I hope you all are in the midst of a post-NCBD slumber, snoozing beneath the spread leaves of the comics you passed out reading last night, your head resting lightly on those yet to be opened, their bindings still crisp and staples shiny. For the rest of us the week wears on, and next week’s NCB day looms.
Next week, on April 16, Bandette #7 is scheduled to release.
I’ve been absent from the BrainTrust for a bit now, but I return now, in huge, Monekybrain-ed fashion, not to preview a book, but to tell you why you should be reading Bandette.
Arguably one of Monkeybrain Comics favorite titles, Bandette tells the story of young Maxime Plouffe, a thrill-seeking fearless thief who is known by her alias Bandette. Written by Paul Tobin (Marvel Adventures, Colder), Bandette has a European feel to it; from the dropping of French phrases to the pastry shops and eclectic transportation (Bandette rides a scooter) Tobin succeeds in giving the lighter feel that European comics have. And that feeling, that lightness, is exactly why you need to be reading this book.
Today’s comics are often filled with heavy themes. Thanks to Frank Miller (and I do mean thanks) comics have become a medium where the “big” ideas are being explored, where a character is not a caricature, and where the idea of a hero being conflicted is about as common as a zombie on the set of The Walking Dead.
Bandette has brought the “comic” back to comic books.
Don’t forget that they’re called “comic” books. They were originally meant to help us have a good time, a couple of laughs, to forget about all the nasty crap that goes on in real life. Some of that has been forgotten in the last twenty years. Bandette, in the way she is written and the accompanying art, is light, airy, and careless in a way that makes you wish you were careless too. (Bagandbored.net does not condone any careless action on the part of readers of this review, and will not be held responsible for actions taken if impersonating a comic book character.)
Colleen Coover (Batman ’66, X-Men First Class) brings a heavy dose of that feeling with her artwork. In Bandette she chooses to work in a watercolor style, enforcing that Parisian feel to the book and at the same time keeping the style from devolving into shadows of black and grey. Her characters, sometimes almost caricatures, of Belgique, the policeman, remind me of early Dennis the Menace comic strips. She takes Bandette and, even while in the midst of conversations with her compatriots, has her dancing across wires, leaping, performing. That’s a big part of her character. The thrill of the chase isn’t worth anything if you can’t be seen doing it and doing it with style.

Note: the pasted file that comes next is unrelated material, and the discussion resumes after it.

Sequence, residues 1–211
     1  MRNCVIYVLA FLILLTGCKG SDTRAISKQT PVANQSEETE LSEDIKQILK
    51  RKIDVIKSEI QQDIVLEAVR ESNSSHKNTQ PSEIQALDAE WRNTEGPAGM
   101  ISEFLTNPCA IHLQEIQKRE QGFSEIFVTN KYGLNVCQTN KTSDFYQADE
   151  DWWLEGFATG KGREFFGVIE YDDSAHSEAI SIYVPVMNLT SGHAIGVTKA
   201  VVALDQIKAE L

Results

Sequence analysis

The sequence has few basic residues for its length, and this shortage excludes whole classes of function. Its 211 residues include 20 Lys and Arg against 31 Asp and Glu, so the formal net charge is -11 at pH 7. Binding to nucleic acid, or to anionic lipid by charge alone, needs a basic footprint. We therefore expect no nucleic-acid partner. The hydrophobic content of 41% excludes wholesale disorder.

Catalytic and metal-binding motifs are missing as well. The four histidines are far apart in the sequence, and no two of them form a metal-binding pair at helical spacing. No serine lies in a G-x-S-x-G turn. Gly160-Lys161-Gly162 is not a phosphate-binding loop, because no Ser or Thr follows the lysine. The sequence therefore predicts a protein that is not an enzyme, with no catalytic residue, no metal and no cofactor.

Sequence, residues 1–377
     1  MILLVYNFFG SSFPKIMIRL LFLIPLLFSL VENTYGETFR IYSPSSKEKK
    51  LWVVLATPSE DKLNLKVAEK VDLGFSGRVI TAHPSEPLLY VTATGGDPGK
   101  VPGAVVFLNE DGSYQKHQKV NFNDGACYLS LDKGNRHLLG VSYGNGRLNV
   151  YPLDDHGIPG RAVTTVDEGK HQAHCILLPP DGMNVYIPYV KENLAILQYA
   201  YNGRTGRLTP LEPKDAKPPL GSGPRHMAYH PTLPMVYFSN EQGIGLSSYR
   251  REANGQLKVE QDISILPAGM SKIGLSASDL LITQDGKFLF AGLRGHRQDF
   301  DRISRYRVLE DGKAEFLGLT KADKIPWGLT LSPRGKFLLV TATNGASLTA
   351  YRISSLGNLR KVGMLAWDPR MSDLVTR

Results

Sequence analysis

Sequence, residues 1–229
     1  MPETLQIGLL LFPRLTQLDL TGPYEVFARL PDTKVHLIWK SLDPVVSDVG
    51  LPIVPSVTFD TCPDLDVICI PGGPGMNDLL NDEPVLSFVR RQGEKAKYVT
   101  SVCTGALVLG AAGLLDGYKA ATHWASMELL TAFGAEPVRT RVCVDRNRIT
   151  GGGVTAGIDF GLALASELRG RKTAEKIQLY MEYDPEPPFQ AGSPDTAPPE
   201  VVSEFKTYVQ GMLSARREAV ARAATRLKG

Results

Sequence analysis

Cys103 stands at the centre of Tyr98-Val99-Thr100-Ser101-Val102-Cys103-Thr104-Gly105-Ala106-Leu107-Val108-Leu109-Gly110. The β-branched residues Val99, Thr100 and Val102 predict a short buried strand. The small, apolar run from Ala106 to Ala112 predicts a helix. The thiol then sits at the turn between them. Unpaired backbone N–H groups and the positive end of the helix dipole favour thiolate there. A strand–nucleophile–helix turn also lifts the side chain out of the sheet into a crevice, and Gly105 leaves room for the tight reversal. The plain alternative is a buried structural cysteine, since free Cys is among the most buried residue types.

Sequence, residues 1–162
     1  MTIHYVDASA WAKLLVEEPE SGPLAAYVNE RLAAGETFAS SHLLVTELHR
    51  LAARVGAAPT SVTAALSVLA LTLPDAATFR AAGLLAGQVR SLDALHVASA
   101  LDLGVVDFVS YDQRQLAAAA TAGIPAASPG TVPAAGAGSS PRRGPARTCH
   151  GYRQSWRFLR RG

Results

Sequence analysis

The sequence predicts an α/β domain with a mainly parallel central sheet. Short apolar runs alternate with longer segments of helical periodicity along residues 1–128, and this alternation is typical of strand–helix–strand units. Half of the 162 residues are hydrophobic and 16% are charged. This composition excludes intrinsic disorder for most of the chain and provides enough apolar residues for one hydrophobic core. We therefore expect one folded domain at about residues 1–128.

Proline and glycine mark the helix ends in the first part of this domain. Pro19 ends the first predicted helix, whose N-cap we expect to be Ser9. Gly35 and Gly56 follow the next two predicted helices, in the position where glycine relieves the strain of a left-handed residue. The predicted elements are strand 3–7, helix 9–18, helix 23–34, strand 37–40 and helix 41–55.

In the first six issues we get a good feel for the characters and setting, but mostly for Bandette, who is the glass through which this world is seen. Even the most cunningly cruel villain, Absinthe, seems lighter through her lens. She is a child in the best way, young enough to be unafraid and completely overconfident at all times, living in the moment, completely unaware, or more likely concerned, with the future. She is id personified.
Just one quick note on the structure of the book. The recap has become common in comics, the “in our previous episode” kind of thing that TV shows run in the first thirty seconds of a new program, but the folks at Bandette have perfected it. The first page gives you pictures from the previous issue with a short caption that recaps the whole story. You end up with a good idea of what has happened, and an introduction to the characters, so that if you’re a new reader there should be little problem in jumping in on the series at a later time.
That being said, go out and get the first six before next Wednesday, when number seven drops like the hottest jewel thief on the other side of the ocean.
Bandette is caprice, she is the wind, and we’ve no idea where she will blow next. Thank you to Paul Tobin and Colleen Coover for reminding me that, despite how much I may love them, comic books don’t have to have any deep, brooding mystery about them. Bandette has returned whimsy to comic books, and the medium is better for it.
All issues of Bandette are available from Monkeybrain Comics’ Store on ComiXology.
Brad Gischia is a writer and artist living in the frozen Upper Peninsula of Michigan. He is married and has three kids and a dog, who all put up with his incessant prattling about comic books.